From sea level to a mile high and from 75 degrees to 29 degrees in 1500 miles is a whole lot of difference! As our Ecology Project International Guides welcomes us to Montana, the wind was blowing through the Paradise Valley along the Yellowstone River. Maybe it wasn't as welcoming as our guides - notice the shivering, foot-stamping and huddling:
After being outside for less time than most of us spend brushing our teeth, the kids were chilled to the bone. We let them into the lodge where they started to thaw out a bit. You can see they made themselves at home pretty quickly.
So what's the plan for tonight? Well, since we've all been up since before 5am this morning, the energy level is waning and I'm predicting an early bedtime so we are ready to take on the wilderness tomorrow! But despite the lack of sleep, students are already busy, some are learning about tracking and preparing a presentation for after dinner, another group is studying the journaling of previous EPI participants, and the last group is busy cooking up a feast for us in the kitchen.
And by now some of you might be wondering, where is Mr. Hurley?? No worries, he's working very hard.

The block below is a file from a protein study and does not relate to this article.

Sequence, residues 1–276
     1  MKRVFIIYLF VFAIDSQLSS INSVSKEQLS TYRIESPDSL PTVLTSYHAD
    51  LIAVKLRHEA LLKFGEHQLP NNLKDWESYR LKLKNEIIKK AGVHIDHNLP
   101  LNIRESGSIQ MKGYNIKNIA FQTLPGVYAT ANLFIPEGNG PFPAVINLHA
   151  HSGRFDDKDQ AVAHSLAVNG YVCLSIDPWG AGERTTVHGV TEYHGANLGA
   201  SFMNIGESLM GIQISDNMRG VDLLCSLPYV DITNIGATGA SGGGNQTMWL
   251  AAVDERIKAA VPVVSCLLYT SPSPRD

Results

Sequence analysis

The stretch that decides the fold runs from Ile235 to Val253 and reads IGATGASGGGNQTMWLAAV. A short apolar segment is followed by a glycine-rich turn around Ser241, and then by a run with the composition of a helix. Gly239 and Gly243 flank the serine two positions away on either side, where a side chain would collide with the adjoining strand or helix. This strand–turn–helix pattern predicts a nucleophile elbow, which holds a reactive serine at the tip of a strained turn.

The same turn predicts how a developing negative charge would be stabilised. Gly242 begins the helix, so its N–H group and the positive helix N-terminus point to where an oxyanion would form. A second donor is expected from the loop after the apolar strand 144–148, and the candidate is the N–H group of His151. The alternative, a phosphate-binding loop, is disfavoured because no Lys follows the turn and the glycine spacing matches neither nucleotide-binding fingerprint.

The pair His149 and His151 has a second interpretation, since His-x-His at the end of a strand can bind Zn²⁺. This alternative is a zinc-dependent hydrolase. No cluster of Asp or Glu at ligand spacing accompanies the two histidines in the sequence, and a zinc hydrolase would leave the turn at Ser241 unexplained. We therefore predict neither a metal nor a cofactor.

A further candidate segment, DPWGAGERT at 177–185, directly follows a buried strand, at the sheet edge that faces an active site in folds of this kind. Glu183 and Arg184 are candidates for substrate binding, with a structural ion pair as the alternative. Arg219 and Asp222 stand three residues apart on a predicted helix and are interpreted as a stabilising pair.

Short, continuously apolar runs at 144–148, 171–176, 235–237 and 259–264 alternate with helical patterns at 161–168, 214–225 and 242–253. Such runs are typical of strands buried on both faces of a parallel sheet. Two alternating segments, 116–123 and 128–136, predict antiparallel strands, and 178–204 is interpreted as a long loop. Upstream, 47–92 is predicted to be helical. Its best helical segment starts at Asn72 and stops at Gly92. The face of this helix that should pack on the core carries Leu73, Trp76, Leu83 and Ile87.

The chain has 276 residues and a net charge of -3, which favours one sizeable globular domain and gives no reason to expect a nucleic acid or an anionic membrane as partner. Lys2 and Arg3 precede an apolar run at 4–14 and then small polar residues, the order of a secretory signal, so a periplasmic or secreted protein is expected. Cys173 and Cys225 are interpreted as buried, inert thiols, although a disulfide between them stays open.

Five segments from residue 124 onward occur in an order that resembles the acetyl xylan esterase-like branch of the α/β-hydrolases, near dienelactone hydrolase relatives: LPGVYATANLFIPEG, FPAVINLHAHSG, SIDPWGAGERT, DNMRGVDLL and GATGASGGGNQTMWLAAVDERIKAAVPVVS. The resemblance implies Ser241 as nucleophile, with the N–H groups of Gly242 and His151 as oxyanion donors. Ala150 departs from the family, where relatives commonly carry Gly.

Next time I write, it'll be about our first foray into Yellowstone to learn how to snow shoe - I have no doubt that will be an excellent photo op.
Sleep tight Pirates!
About this Blog:
I am a former Teachers for Global Classrooms Fellow, a program of the U.S. Department of State. I have completed graduate level training in Global Education and traveled to Senegal in April with the program to explore their educational system. This blog is a piece of the global education guide I have created to support other teachers and students in globalizing their classrooms. My focus area is life and environmental science and understanding the interconnectedness of Earth. For more information on the fellowship please visit the IREX website.